AirTags on the radar for roll out in the second half of 2020

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New evidence shows AirTags closer than ever to release
Here's how AirTags will work on your iPhone.
Photo: MacRumors

Apple’s fall product launch will include a tiny gadget with a big responsibility: knowing the whereabouts of your devices when you lose them.

AirTags, a circular Bluetooth tracking keychain attachment similar to Tile, got on the radar of supply chain analyst Ming-Chi Kuo, who reported news Tuesday on the supplier charged with producing the circuitry.

Kuo claims Apple is contracting with Universal Scientific Industrial to fulfill 60 percent of orders for what will be Apple’s newest and smallest piece of hardware. Kuo’s predictions were released in a research report to investors, which was obtained by Cult of Mac..

AirTags and devices to track

“We think that USI has the most comprehensive product lines and highest shipment allocation overall,” Kuo wrote. “Therefore, we believe that USI will be the significant SiP (System in Product) winner in the Apple SIP supply chain in 2020.

“We expect that USI will ship SiP for UWB tag starting 2–3Q20 and that the shipment level will reach tens of millions in 2020.”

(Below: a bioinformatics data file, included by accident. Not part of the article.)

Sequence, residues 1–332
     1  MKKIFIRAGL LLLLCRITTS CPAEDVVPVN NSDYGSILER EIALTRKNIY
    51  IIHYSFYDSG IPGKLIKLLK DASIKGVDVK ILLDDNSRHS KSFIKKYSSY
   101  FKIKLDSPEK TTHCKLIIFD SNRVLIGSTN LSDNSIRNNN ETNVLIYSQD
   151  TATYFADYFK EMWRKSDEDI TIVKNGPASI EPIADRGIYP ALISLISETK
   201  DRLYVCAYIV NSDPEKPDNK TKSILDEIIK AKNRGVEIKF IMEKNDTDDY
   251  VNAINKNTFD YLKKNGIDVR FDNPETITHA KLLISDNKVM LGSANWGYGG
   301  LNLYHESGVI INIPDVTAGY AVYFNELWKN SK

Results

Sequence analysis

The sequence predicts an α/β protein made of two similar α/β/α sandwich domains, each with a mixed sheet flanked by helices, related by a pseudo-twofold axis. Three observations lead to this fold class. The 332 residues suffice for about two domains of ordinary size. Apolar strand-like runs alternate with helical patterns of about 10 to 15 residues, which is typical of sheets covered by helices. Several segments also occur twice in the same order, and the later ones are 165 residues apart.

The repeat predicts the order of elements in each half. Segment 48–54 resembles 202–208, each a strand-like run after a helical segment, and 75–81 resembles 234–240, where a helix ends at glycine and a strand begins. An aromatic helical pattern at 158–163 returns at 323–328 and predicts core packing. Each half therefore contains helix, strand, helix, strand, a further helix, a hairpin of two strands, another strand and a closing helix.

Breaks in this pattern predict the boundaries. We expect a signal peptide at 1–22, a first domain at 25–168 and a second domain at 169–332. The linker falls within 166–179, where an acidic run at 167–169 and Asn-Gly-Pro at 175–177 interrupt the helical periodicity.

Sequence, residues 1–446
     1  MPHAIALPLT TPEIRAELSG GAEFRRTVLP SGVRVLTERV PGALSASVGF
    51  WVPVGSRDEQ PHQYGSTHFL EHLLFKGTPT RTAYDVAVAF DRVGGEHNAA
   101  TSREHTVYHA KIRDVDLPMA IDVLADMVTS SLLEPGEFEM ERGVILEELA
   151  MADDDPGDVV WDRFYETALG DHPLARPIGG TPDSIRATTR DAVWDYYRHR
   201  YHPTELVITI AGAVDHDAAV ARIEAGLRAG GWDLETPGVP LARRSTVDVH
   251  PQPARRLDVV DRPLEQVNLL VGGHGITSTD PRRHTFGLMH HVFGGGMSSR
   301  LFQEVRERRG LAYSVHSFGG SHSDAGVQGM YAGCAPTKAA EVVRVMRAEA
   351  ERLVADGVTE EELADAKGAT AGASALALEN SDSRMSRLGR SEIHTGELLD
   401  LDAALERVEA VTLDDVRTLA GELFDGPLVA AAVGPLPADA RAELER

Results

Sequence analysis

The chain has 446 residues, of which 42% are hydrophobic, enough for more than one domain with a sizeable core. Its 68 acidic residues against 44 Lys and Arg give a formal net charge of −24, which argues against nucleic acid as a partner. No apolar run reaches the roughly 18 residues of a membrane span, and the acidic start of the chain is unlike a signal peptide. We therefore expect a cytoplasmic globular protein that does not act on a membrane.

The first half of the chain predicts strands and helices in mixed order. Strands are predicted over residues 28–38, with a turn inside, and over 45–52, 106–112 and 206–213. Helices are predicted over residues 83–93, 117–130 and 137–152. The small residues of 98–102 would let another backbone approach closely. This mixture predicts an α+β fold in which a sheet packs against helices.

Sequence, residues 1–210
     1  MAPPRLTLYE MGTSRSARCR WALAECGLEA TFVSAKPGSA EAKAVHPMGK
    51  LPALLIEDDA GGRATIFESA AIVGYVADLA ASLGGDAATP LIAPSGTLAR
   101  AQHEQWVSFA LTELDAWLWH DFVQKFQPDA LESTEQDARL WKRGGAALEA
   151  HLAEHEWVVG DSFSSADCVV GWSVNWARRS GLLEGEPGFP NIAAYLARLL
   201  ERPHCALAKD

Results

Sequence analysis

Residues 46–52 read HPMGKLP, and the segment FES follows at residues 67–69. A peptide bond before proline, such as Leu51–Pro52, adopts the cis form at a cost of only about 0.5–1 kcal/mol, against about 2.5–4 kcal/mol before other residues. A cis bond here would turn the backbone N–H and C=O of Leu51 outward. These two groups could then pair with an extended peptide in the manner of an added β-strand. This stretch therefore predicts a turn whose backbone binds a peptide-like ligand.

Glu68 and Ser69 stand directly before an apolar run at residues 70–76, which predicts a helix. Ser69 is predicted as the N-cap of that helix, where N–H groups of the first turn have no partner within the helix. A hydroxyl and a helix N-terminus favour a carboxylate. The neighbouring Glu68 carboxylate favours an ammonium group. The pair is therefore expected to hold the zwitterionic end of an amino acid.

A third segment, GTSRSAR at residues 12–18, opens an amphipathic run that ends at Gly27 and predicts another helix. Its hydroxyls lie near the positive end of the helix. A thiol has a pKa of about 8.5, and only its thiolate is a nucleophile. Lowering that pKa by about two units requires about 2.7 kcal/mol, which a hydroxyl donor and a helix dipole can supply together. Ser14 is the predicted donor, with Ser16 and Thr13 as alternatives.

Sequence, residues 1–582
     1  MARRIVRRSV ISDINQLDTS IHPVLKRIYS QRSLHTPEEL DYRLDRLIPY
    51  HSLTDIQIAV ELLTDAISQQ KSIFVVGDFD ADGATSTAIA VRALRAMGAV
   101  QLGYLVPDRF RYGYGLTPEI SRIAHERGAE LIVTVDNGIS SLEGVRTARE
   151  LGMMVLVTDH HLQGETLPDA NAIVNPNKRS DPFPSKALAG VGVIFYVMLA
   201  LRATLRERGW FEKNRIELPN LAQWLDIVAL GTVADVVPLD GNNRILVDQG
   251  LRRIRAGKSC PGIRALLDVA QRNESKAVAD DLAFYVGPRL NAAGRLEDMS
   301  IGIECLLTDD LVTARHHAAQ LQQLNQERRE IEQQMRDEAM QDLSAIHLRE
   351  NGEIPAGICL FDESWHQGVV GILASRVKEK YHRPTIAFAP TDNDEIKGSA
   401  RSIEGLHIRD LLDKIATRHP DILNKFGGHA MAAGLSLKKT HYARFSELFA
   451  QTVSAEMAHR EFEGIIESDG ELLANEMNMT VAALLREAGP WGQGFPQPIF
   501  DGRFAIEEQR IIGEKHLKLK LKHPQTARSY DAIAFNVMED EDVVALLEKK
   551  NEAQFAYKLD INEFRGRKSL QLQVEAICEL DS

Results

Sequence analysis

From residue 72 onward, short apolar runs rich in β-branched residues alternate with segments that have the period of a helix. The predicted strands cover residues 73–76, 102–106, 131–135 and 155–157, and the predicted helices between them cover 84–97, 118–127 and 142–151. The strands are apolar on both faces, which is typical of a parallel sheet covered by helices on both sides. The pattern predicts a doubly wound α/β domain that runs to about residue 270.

It’s possible Apple may report on the eventual debut of AirTags at a rumored March product launch event, but Kuo says it is more likely an announcement is planned for the World Wide Developers Conference in June.

USI is also likely to be a new supplier of AirPods Pro and ship sometime in the second half of the year, Kuo said. USI is also likely to step in by fulfilling significant antenna orders for 5G iPhones.

The arrival of AirTags is more than a rumor. Cult of Mac reported in October Apple had purchased the rights to the name AirTag. There was also reference to AirTags in an iOS beta.

These predictions, Kuo warns, are contingent on health officials in China making significant progress on containing COVID-19, the novel coronavirus that has claimed more than 1,800 lives and infected another 73,000 plus.

The coronavirus has locked down much of China in quarantine. Most Apple products, especially the iPhone, rely heavily on China’s supply chain, much of which remains shut down. Production is slowly ramping up, but the impact of the outbreak has forced Apple to tell investors is doesn’t expect to meet March quarter revenue goals.